Abhi Subedi wrote his play Dreams of Peach Blossoms (2000) in English. It was considered a very important play by directors like Pokharel. The Nepali version of the play Aaruka Fulka Sapna was directed by Pokharel himself. Subedi wrote more plays in Nepali and his Agniko Katha which dwelt on the conflict between the state and the Maoists won much acclaim. There were a good number of Nepali renderings of world classics like Ibsen’s A Doll’s House (Putaliko Ghar 2003) which were being produced simultaneously. One important developments of the Nepali theatre was the foundation of a number of theatre centres and training facilities. Pokharel was instrumental in establishing a school of theatre called Gurukul in 2002. He also built up a second one in Biratnagar in 2009. Ashesh Malla too established his own Sarwanam Dramatic Art Centre in 2012.

      Theatre in its most interactive forms continued to influence the people. The process still continues. “Nepal today,” as Davis sums up, “wrestles with aesthetics, topics, and form, and sorts out its place in a constantly shifting society” (206).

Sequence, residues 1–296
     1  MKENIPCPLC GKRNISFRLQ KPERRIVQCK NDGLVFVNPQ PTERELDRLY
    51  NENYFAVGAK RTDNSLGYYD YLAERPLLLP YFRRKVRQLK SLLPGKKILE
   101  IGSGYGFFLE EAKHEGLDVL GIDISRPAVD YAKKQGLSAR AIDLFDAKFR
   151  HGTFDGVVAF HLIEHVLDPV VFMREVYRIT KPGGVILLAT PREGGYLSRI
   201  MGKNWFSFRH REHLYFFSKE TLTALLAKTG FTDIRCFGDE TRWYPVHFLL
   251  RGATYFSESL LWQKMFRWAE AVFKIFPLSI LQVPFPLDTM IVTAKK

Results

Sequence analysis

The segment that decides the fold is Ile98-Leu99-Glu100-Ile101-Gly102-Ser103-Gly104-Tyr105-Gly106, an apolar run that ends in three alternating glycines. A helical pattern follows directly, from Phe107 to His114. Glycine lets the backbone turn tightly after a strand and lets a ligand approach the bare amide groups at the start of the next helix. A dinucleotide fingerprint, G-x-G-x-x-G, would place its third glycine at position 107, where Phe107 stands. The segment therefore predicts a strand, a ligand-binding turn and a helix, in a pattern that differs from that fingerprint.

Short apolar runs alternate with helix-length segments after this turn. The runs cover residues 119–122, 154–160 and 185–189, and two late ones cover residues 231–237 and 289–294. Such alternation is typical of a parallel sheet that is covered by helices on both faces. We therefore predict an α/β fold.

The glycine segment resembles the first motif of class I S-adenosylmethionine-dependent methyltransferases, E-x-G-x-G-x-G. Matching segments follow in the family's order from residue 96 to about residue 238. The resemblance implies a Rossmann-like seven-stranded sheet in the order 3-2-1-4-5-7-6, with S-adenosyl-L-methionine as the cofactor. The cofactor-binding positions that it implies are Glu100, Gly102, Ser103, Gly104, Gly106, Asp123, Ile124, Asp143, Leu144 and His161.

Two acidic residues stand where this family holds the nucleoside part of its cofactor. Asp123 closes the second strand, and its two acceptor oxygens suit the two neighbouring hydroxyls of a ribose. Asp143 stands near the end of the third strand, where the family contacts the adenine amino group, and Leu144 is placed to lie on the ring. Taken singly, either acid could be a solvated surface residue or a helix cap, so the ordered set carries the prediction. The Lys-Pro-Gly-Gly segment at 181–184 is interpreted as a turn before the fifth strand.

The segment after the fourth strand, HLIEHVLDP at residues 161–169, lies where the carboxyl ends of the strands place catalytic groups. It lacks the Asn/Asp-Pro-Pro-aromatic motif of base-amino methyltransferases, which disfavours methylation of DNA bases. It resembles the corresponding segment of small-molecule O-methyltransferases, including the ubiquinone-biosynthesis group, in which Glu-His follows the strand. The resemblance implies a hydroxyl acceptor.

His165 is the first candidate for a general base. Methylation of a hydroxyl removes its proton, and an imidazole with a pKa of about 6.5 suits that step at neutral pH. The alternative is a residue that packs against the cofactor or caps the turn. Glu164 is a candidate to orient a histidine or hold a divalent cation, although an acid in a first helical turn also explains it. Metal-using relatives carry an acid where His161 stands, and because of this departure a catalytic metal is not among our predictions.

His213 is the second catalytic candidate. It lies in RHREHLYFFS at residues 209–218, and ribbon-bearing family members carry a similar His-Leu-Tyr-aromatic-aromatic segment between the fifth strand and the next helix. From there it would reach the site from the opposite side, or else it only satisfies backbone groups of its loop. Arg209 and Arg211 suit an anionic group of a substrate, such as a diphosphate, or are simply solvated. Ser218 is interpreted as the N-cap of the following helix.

The last article of the volume – Kanchuka Dharmasiri’s “From Narratives of National Origin to Bloodied Streets: Contemporary Sinhala and Tamil Theatre in Sri Lanka” – captures the developments of Sri Lanka theatre during the postcolonial period, mainly from the 1960s to the present. Much of it was concerned with the history of turbulent political course of the country, particularly the inter-ethnic violence in which the state is widely believed to have played a partisan role. Sri Lankan theatre has been performed mainly in either Sinhala or Tamil. Dharmasiri considers modern theatre of the country as the “product of the postcolonial cultural renaissance, economic changes, and politics of space, class, and language” (209). She notes the politics of language in the efforts to equate Sri Lanka theatre with the national theatre. Gamini Haththotuwegama who pioneered the street theatre critiqued such oversimplified and hegemonic concept. Performance artists of the time also questioned the fetishes of economic liberalisation, commercialisation and commodity circulation of the following decades the effects of which were highly felt by the ordinary people. Vivurtha Veedi Natya Kandayama (The Wayside and Open Theatre) which was founded in 1974 gave an intellectual turn to theatre and in their performances they criticised the trends of commercialisation which resulted in the changes in the traditional value system. Their plays like Open Economy (1978) and Wesek Dekma (Wesek Vision, 1979) may be mentioned in this context. Its production of You Saw … I Saw (1989) embodies the violence of the 1980s. Theatres of the time also reflected an acute social consciousness.